Australia feels a little bit like our spunky southern cousin. Originally colonized by British prisoners, it is now a melting pot of cultures following waves of immigration from China, Italy, Greece, Central Europe, Vietnam, and the Middle East. Its vast geography encompasses several climates, which means Aussies enjoy a wide variety of indigenous produce, from papaya and mangoes in the north to berries, pears and peaches in the south (plus pretty much any veggie you can dream up). Eat Well Global correspondent and native dietitian Kay Gibbons, FDAA, touts the variety and quality of local crops as one of the most exciting aspects of Australian cuisine. Add fresh seafood from miles of coastline and a thriving grass-fed beef industry, and you have the makings of one tasty trip. We had Kay help us plan 24 delicious hours of eating well in Melbourne, the way an Aussie would do it. Feast on this:
A Hearty Start
Kay tells us that breakfast is an Australian specialty. And while we generally subscribe to the light and lean school of thought - sometimes, you just want to fill your belly with a big, delicious breakfast (it's satisfying just writing the words). So give yourself one day to splurge. You've got hours to walk it off, and a lot of city to see. Sit in quaint café The European, which overlooks the parliament building (161 Spring St, Melbourne VIC 3000, Tel: +61 3 9654 0811). Or, take the tram out to Albert Park Deli, located in a "heritage-listed" area (what we know as landmark status) lined with pretty Victorian homes (129 Dundas Pl, Albert Park VIC 3206, Tel: +61 3 9699 9594). You can go for the standard Aussie breakfast of eggs, bacon, spinach and tomato; or, try one of their rotating specials like sweet corn fritter with grilled bacon, smashed avocado, and tomato relish on sourdough (yum). After you've had your fill, it's just a 15 minute walk to Port Phillip Bay, where you can go for a stroll along the beach.
Another awesome feature to take advantage of in Melbourne is their bike share program (www.melbournebikeshare.com.au). This will look familiar to fellow New Yorkers - you pick up a bike in one location, rent it for a fixed amount of time, and return it at any bike share location in the city. It's the perfect way to burn off breakfast and see more of the sites. Pick up your bikes at Beach St Port, and head north towards Queen Victoria Market, your next destination for eating well (513 Elizabeth St, Melbourne VIC 3000, Tel: +61 3 9320 5822. Closed Mondays.). Since you had a substantial breakfast, it's a good day for a light lunch. Kay suggests enjoying some fruit, fresh baked bread, and local cheese for your mid-day meal. And remember, the growing seasons in Australia are reversed! So if you've come from the doldrums of winter produce in the states dreaming of summer's stone fruit, now is the time to load up on beautiful peaches and nectarines, as well as berries. Compliment the sweet spoils with a bit of cheese from the Yarra Valley, and bring your haul to neighboring Flagstaff Gardens to picnic outside.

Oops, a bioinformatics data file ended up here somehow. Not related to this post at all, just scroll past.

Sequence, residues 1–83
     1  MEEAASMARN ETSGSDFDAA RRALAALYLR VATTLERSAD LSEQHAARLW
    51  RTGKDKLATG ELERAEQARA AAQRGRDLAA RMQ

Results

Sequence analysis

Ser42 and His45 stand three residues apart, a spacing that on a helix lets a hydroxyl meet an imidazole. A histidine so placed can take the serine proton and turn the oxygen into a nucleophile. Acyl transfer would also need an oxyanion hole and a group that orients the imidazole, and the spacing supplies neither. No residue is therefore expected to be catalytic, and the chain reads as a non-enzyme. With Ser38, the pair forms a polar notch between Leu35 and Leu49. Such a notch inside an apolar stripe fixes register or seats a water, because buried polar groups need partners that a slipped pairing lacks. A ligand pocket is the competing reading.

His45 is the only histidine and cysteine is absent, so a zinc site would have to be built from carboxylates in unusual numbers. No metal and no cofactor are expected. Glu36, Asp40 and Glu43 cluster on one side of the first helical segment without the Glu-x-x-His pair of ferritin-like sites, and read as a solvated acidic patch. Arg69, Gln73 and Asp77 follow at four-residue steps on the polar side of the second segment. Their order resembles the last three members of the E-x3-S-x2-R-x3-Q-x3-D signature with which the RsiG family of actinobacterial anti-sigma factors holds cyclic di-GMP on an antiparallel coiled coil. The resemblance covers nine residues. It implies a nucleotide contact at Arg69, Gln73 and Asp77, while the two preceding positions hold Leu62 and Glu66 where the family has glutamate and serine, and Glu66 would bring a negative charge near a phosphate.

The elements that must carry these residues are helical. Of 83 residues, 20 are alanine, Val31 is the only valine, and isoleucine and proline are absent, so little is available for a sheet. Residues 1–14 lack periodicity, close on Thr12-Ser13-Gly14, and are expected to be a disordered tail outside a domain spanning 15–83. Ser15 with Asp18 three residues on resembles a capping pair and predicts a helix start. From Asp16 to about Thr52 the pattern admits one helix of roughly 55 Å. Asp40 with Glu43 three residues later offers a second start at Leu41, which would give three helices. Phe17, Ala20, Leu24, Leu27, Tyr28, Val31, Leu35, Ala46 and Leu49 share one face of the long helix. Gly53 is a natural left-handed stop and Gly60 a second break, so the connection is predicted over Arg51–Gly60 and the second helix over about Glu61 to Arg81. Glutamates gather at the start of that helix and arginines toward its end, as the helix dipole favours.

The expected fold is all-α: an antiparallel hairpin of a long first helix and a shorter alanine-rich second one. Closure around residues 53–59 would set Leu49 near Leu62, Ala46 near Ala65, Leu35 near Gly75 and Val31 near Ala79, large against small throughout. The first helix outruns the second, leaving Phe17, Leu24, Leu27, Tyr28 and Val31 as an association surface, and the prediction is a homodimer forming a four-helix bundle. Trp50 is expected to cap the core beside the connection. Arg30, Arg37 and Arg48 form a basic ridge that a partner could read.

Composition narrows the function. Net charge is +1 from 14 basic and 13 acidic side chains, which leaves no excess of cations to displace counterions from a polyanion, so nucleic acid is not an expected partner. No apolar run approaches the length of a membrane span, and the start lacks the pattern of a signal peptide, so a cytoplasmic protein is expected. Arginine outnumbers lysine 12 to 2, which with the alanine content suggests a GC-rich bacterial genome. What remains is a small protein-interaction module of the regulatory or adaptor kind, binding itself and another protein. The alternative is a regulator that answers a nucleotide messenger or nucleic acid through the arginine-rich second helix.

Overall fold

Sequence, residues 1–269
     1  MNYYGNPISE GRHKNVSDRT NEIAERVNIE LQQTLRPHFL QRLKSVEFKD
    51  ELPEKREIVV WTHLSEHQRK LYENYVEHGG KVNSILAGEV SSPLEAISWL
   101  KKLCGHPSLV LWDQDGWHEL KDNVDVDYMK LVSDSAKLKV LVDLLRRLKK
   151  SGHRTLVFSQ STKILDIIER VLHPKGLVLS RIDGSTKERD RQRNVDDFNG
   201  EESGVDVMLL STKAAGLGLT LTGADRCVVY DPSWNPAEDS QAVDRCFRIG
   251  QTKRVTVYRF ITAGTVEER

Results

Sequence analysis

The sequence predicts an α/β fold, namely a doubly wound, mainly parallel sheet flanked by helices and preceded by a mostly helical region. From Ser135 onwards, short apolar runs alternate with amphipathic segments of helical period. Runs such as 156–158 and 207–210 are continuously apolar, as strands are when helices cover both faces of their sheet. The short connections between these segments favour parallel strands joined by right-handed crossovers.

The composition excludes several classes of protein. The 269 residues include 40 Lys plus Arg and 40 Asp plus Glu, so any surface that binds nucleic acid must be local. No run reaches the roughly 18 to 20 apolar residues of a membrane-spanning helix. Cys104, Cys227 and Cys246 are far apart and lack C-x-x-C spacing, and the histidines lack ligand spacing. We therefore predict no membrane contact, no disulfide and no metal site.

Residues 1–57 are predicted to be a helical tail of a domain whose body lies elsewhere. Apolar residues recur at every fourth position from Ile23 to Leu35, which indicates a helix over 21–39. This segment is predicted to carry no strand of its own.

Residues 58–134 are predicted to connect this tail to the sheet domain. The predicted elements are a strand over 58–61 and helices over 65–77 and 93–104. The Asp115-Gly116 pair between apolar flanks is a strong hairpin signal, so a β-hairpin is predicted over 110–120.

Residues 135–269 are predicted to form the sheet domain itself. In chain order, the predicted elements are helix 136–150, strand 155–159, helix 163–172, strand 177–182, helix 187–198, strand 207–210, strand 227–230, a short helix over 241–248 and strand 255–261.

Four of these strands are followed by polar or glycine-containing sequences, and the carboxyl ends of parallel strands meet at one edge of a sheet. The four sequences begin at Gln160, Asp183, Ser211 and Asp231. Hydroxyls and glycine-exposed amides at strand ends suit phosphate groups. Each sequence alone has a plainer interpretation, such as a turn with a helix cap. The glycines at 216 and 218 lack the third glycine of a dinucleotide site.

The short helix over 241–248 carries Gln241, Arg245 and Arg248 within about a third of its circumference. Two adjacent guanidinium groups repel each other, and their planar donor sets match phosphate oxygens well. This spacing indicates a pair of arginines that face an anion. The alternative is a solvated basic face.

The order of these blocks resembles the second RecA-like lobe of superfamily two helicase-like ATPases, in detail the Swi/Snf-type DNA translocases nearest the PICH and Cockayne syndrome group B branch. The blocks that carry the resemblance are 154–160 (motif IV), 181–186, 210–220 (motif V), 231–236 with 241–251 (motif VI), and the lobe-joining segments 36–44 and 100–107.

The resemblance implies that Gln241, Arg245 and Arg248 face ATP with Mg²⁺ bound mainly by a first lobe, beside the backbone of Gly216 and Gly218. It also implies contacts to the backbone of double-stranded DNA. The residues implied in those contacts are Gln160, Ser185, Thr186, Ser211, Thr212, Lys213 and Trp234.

Delicious Dinner, Pho Sho
Like the States, part of what defines Australian cuisine is its diversity owing to decades of immigration from all over the world. Do some globe-trotting at dinner by traveling east of the city to Richmond, a community that boasts both a large Vietnamese population and killer shopping. Leave a bit early to hit Bridge Road, the major shopping district which offers both outlet stores and boutiques featuring local designers (http://www.bridgerd.com.au/). The tram or a taxi will get you there. Then, set your sights on some Pho, a light Vietnamese staple that features rice noodles, fresh veggies, herbs, and thinly sliced beef in a flavorful broth. I Love Pho 264 delivers a tasty, straightforward version at an affordable price (264 Victoria St Richmond, VIC 3121, Tel: +61 03 9427 7749). If you're looking for more of a dining experience, Kay recommends heading a bit further out to Dandelion (133 Ormond Rd, Elwood VIC 3184, Tel: +61 3 9531 4900). In addition to traditional Pho, Dandelion also makes excellent use of fresh produce in lettuce wraps, rice paper rolls, and salads. They also offer a completely vegetarian chef's tasting menu designed in keeping with the Buddhist principles of ahimsa (non-violence). Ommmm....nom nom nom.